46 “Then they will go away to eternal punishment, but the righteous to eternal life. ” (NIV)

Jesus is teaching here a continuation of the Ten Commandments from the Old Covenant given at Mt. Sinai in Exodus chapter 20 that commanded the Israelites to do no harm to their neighbors. But He is also magnifying the old covenant laws into the form of a new commandment which says, " Love your neighbor as yourself."  And in effect He is telling us that by doing good to our neighbor we are likewise doing good to Him.  This is the answer to a utopian society when every man looks to the needs of his neighbor. Not a government, but every one individually living this way. There would be no stealing and  no coveting, all would be a good neighbor to others in their community.

So Who Is My Neighbor?

A man asked Jesus the question, "who is my neighbor." Jesus answered this man with a parable of the Good Samaratin found in Luke chapter 10 verses 25 through 37;

25 On one occasion an expert in the law stood up to test Jesus. “Teacher,” he asked, “what must I do to inherit eternal life?”
26 “What is written in the Law?” he replied. “How do you read it?” 27 He answered, “‘Love the Lord your God with all your heart and with all your soul and with all your strength and with all your mind’[c]; and, ‘Love your neighbor as yourself.’[d]
28 “You have answered correctly,” Jesus replied. “Do this and you will live.” 

29 But he wanted to justify himself, so he asked Jesus, “And who is my neighbor?”

30 In reply Jesus said: “A man was going down from Jerusalem to Jericho, when he was attacked by robbers. They stripped him of his clothes, beat him and went away, leaving him half dead. 31 A priest happened to be going down the same road, and when he saw the man, he passed by on the other side. 32 So too, a Levite, when he came to the place and saw him, passed by on the other side. 33 But a Samaritan, as he traveled, came where the man was; and when he saw him, he took pity on him. 34 He went to him and bandaged his wounds, pouring on oil and wine. Then he put the man on his own donkey, brought him to an inn and took care of him. 35 The next day he took out two denarii[e] and gave them to the innkeeper. ‘Look after him,’ he said, ‘and when I return, I will reimburse you for any extra expense you may have.’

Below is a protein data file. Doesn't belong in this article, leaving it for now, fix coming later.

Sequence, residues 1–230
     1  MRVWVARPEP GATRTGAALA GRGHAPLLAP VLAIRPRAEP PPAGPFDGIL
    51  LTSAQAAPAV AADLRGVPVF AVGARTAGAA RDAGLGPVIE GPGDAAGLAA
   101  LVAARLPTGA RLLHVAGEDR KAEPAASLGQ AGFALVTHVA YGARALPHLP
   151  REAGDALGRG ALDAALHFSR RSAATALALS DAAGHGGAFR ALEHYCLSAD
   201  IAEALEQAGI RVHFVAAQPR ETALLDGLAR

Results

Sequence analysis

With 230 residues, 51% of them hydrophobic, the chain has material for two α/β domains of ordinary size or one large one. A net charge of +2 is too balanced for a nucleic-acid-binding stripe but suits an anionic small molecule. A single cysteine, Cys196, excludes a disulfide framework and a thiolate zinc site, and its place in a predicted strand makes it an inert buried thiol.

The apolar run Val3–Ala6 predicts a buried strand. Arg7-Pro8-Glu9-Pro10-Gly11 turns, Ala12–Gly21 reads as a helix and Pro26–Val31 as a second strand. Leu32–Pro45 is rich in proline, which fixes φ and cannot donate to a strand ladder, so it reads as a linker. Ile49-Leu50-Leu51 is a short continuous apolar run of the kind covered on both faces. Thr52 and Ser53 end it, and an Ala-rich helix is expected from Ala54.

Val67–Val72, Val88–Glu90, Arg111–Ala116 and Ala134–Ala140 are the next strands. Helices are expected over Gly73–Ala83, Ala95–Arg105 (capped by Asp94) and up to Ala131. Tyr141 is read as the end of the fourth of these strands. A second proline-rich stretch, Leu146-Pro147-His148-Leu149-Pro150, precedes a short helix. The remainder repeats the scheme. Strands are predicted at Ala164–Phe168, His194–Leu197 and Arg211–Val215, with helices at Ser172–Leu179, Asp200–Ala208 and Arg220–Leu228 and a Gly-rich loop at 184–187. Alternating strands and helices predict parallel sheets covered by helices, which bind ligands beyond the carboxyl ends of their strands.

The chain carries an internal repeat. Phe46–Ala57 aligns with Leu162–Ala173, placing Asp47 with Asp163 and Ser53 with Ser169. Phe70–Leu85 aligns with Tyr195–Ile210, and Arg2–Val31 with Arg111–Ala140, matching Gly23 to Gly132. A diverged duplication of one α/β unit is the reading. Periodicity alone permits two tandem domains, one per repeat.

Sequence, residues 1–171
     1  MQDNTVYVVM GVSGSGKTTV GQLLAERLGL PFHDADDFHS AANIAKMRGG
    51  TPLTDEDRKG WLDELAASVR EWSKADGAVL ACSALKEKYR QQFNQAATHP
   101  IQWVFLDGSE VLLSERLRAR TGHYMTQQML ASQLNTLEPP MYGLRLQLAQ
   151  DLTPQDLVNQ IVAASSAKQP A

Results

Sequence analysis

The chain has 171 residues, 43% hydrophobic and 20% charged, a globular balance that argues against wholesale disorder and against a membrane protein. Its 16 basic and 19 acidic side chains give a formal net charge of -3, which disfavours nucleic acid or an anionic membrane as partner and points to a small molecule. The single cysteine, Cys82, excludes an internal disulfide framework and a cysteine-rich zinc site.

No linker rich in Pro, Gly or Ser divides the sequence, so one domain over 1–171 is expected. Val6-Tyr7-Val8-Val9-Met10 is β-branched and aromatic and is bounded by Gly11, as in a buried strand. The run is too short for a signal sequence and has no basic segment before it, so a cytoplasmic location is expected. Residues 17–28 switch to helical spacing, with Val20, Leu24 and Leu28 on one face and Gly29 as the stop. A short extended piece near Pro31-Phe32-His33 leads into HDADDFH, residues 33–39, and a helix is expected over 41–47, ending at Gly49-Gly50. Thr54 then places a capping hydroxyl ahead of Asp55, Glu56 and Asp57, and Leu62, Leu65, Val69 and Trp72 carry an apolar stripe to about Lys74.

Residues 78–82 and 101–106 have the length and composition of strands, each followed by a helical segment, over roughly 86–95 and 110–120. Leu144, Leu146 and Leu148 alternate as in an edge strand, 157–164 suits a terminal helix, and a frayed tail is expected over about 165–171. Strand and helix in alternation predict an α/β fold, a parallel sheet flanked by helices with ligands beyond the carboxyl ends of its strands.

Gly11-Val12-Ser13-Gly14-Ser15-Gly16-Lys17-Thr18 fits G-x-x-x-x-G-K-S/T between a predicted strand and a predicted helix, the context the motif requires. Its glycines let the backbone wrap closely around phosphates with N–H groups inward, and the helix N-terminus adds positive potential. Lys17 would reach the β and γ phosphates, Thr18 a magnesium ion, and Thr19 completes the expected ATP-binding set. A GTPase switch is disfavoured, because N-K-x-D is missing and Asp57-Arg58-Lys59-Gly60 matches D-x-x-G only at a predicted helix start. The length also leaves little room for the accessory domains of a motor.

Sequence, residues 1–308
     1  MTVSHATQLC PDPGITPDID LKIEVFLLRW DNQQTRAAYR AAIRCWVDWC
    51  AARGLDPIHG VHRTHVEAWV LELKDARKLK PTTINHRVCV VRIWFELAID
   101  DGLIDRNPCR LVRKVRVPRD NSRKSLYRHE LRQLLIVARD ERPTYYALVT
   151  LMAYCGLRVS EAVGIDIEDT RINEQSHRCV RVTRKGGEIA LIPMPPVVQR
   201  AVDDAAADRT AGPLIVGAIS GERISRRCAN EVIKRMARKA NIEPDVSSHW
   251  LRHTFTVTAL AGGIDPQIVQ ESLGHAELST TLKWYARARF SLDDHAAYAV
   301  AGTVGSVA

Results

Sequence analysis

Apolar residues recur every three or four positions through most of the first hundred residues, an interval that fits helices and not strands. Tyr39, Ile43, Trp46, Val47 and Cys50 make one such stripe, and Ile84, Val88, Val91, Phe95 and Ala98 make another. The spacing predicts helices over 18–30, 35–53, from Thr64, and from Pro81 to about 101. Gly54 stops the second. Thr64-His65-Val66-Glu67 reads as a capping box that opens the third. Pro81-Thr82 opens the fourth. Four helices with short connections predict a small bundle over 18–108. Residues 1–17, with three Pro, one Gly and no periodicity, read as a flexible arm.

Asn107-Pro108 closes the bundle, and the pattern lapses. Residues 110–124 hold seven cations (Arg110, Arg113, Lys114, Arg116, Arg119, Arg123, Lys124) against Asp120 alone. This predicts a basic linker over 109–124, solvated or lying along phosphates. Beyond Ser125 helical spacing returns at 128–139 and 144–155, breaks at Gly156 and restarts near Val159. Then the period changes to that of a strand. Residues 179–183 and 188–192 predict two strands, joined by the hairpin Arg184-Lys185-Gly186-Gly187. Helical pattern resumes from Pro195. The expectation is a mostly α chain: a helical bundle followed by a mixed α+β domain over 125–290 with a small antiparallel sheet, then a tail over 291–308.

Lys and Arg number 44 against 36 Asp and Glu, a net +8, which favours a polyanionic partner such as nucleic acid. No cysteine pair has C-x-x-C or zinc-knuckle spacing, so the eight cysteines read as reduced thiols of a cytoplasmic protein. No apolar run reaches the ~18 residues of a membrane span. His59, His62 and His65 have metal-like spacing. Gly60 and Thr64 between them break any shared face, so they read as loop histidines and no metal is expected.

36 “Which of these three do you think was a neighbor to the man who fell into the hands of robbers?”
37 The expert in the law replied, “The one who had mercy on him.”
Jesus told him, “Go and do likewise.”

So the question is not, "who is my neighbor"  that I must do good to, but that you must BECOME that good neighbor to others by YOUR actions. Also of interest was that a priest who knew the law and teachings of the Old Testament walked on by refusing to offer help to his fellow country man who had come from Jerusalem. Then a levite, a man, like the priest, well educated in the Torah and Judaism passed him by.  Then a Samaritan, a man considered a "dog" by the priest and the levite and unclean in their eyes had shown love and was a good neighbor to the man. 

Jesus is teaching a very important lesson here. No matter what your religious affiliation, if any. What church or denomination you may belong to - being a professing Christian - is nothing without actions. The priest and the levite held high positions of power and authority in Judaism and served at the Temple in Jerusalem, but neither one were a neighbor to the man who lay half dead along the road. So their religion was of no use in the eyes of Jesus.

     be continued